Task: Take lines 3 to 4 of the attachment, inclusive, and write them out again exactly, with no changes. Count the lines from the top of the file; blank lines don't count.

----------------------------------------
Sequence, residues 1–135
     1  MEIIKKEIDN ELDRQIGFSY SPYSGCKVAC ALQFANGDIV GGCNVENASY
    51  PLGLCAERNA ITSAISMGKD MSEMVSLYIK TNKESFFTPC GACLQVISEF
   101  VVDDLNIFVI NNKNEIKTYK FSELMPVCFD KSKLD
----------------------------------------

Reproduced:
    51  PLGLCAERNA ITSAISMGKD MSEMVSLYIK TNKESFFTPC GACLQVISEF
   101  VVDDLNIFVI NNKNEIKTYK FSELMPVCFD KSKLD